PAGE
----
As of last Friday, Van Buren Supervisor Mary Crego hadn't received any complaints regarding flooding this spring. A good sign considering the amount of snow and rain that fell in Baldwinsville.
"This is probably a really good year compared to some," said Van Buren Highway Superintendent Ed Parks, who has only received a few calls this year. "(The river) was up there pretty good, but then it started leveling off."
According to Parks, flooding looked like it would get serious a couple of weeks ago, but when the cold returned, the threat went away. Parks said because the ground never really froze, the water was able to drain all year long.
Baldwinsville Highway Superintendent Claude Sykes said flooding is caused when the river level goes up and the creeks have difficulty draining.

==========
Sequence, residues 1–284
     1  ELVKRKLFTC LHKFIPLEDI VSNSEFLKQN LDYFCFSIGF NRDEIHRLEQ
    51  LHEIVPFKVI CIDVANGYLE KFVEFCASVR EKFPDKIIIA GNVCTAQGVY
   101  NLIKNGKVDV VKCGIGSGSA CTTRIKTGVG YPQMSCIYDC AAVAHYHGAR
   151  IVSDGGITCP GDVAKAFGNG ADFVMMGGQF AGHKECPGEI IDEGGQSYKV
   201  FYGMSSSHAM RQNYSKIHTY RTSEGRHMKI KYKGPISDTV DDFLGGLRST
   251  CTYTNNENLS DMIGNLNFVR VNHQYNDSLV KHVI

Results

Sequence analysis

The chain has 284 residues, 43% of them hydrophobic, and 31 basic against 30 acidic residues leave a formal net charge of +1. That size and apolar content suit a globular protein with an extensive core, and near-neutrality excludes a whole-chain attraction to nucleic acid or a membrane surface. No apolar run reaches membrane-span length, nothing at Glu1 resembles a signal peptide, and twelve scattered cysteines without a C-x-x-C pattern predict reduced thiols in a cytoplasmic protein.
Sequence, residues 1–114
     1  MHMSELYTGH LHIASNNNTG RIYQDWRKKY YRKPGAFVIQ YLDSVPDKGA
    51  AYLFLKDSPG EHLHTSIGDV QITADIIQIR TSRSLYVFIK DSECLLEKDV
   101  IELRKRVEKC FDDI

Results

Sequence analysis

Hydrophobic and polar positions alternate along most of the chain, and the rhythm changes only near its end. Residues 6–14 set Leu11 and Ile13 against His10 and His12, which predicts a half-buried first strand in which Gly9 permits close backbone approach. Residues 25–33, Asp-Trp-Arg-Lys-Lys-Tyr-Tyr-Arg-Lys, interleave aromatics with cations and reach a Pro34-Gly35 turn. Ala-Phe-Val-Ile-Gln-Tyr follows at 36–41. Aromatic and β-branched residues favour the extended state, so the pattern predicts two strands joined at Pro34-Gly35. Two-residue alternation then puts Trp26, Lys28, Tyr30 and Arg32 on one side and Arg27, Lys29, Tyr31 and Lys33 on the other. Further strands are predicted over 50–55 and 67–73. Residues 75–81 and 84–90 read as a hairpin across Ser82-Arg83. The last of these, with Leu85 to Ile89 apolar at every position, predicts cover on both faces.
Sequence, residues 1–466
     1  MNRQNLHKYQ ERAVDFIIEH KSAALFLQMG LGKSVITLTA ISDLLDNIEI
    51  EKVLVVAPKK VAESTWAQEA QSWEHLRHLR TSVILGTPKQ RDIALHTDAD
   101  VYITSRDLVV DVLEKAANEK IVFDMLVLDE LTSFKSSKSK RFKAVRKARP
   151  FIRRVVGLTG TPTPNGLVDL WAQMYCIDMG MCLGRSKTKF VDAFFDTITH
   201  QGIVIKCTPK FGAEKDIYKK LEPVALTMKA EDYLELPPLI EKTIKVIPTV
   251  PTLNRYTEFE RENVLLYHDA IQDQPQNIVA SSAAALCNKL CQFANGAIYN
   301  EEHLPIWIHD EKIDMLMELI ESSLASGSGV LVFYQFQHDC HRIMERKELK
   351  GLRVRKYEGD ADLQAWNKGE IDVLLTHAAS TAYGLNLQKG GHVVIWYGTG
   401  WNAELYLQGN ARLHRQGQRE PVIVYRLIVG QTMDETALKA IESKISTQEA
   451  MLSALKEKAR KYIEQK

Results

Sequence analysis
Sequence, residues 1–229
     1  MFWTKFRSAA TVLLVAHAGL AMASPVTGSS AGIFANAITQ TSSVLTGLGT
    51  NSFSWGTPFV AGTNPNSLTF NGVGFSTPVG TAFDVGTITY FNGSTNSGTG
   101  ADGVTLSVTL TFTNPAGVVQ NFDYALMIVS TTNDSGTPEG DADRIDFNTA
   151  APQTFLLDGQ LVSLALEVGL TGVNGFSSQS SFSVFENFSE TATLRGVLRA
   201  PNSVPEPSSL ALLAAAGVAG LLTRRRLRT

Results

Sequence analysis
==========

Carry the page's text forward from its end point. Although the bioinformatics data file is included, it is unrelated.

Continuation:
"The creeks can't flow out as easy," Sykes said, adding that there were potential flood problems at Tannery Creek and Crooked Brook in the village. "Crooked Brook was a little high, but it didn't negatively impact anyone."
Sykes said the heavy rains and snow caused a few complaints regarding flooded drains, but added that flooding is lower than average.
"I've seen it a lot worse," he said. "As far as the creeks, there isn't a lot we can do. We can get sandbags to protect establishments. It always interests me that people think we can stop flooding."
On the other hand, Lysander has seen increased flooding problems this year.
"Flooding is worse than usual due to excess snow and recent rains," said Highway Superintendent Bruce Reeves.
According to Reeves, roads were washed out in the northern hamlet of Lysander and, in the Chatham Woods development on Lamson Road, the creek overflowed causing the roads to flood. He added that in typical years, there are no washouts and the highway department might have to clean out a pipe or two.
This year, the department has had to deal with washed out roads, which are caused when excess water washes away the ground beneath the road causing a lack of support. The highway department then has to fill the washed away grounds back in.
"As far as the spring thaw, (flooding) is worse than normal," Reeves said.